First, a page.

Scientists have counted over 2,500 different species of fish alone in the Amazon's waters, though they think there are many more that we haven't even seen, much less catalogued. That's a lot of other dangerous critter possibilities.  

Amazon beachNowaczyk, Shutterstock

Utakleiv Beach, Norway

The biggest attraction for tourists on the jaw-dropping Utakleiv Beach in the Lofoten Islands in Norway is the picture perfect view of the Northern Lights.

Uttakleiv Beach, Norwaystein egil liland, Pexels

Utakleiv Beach: Inhospitable Waters

When people go on their trek to watch the Northern Lights at Utakleiv, they are warned to always remain on dry land while on the beach. That's because the islands' waters are so freezing cold, even going for quick dip can be life-threatening.

Utakleiv beachZhukova Valentyna, Shutterstock

Schitovaya Bukhta Beach, Russia

Schitovaya Bukhta Beach in Russia has some of the most incredible surfing conditions around. It also looks extremely calm and peaceful in good weather. 

Schitovaya BayMila Okie, Shutterstock

Schitovaya Bukhta Beach: Beware Below

In truth, very few surfers go to the beach anymore, except maybe the bravest. At the bottom of Schitovaya Bukhta's waters are old nuclear submarines, which are still leaking silent and deadly radiation.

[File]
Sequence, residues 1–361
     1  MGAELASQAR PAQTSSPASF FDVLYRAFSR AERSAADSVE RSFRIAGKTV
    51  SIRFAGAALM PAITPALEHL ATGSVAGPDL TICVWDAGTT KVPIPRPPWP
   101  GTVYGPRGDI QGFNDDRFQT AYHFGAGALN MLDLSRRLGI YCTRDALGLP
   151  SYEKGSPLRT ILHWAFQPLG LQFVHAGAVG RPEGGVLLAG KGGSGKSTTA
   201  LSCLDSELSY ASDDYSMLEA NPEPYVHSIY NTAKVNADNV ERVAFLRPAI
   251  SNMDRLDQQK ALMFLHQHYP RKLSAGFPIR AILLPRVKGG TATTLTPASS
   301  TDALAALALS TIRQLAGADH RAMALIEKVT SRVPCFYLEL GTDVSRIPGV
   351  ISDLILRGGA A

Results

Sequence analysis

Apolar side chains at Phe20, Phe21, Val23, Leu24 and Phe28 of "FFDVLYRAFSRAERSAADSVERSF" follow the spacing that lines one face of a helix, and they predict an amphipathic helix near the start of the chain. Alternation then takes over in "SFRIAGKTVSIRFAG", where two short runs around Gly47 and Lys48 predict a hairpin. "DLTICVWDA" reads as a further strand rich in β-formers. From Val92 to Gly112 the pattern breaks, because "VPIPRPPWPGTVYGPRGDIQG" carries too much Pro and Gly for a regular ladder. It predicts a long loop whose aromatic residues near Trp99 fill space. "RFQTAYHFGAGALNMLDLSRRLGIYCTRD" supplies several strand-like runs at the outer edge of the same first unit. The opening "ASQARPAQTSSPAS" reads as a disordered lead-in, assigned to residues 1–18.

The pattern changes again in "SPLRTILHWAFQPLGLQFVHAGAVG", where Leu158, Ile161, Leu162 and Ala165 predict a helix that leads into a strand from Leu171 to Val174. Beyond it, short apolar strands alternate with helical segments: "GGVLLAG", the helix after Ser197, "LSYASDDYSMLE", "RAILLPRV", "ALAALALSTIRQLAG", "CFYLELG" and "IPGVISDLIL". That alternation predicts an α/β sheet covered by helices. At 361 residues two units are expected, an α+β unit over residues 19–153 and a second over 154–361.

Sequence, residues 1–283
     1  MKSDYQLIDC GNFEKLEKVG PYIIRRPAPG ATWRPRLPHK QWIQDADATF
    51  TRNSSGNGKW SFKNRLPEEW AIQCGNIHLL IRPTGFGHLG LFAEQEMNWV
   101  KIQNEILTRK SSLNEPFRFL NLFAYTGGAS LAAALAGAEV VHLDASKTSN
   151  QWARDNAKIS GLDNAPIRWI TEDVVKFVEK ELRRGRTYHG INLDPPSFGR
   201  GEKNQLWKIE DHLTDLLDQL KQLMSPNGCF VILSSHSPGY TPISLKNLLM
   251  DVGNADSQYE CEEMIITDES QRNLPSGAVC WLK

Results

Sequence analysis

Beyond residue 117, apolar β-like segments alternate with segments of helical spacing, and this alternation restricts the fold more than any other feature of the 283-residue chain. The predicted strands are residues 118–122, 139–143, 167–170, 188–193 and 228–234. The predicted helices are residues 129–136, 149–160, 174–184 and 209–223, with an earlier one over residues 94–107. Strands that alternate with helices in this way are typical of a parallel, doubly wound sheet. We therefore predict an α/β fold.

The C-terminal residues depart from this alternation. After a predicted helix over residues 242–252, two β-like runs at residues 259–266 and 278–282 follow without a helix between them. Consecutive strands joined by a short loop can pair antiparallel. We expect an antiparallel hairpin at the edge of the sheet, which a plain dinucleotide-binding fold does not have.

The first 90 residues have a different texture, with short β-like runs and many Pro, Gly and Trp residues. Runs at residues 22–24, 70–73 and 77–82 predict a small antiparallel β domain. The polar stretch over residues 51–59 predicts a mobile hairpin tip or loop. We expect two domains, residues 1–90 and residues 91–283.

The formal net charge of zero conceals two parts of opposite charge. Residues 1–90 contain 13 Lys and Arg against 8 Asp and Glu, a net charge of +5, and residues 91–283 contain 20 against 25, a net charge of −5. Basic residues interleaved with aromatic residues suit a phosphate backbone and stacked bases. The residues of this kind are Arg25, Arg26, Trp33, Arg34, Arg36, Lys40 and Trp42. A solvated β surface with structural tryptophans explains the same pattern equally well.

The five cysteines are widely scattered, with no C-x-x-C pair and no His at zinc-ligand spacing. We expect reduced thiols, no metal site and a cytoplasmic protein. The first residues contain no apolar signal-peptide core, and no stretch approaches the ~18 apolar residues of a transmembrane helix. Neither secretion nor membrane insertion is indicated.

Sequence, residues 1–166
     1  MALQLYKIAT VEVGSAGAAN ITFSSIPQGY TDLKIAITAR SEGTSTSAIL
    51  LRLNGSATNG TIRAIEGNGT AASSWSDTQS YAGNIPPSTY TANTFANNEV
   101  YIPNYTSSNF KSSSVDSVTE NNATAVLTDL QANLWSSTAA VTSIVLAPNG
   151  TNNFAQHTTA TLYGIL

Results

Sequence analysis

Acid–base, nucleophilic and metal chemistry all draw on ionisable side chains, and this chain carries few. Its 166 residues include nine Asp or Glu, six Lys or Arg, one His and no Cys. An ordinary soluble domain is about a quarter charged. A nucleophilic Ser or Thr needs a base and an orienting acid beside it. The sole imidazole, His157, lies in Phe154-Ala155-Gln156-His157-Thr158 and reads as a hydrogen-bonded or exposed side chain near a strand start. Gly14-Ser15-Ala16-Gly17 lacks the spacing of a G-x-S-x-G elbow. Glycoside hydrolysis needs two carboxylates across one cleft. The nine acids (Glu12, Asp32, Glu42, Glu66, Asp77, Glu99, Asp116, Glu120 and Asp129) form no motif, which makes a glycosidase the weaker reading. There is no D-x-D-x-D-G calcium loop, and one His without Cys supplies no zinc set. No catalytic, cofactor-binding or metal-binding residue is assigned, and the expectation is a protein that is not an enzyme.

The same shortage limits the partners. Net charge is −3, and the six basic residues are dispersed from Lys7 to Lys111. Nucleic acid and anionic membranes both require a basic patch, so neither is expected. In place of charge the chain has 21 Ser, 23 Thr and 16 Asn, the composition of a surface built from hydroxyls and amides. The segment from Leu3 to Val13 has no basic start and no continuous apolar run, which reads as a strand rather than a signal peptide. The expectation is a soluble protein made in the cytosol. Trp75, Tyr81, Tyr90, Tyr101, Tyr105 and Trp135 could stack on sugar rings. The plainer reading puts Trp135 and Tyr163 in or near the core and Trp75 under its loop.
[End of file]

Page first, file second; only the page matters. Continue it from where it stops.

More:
Destroyed submarine under waterRobalito, Shutterstock

Virginia Beach, Virginia

Virginia Beach is a popular destination spot for Americans and world-travelers alike, with flat sable sands and a great view of the waters.

Virginia BeachChansak Joe, Shutterstock

Virginia Beach: Sly Predators

Virginia Beach is considered quite dangerous because of its wild foxes. The foxes not only take picnickers' food; they also have attacked pets and human beachgoers in the past. 

Fox at a beachVirginia State Parks, Flickr

Praia Do Norte, Portugal

The waves in Praia do Norte, Portugal are so massive, they have won Guinness World Records. They've also consistently attracted some of the best surfers in the world to their shores.

Praia Do Norte, PortugalLuis Ascenso, CC BY 2.0, Wikimedia Commons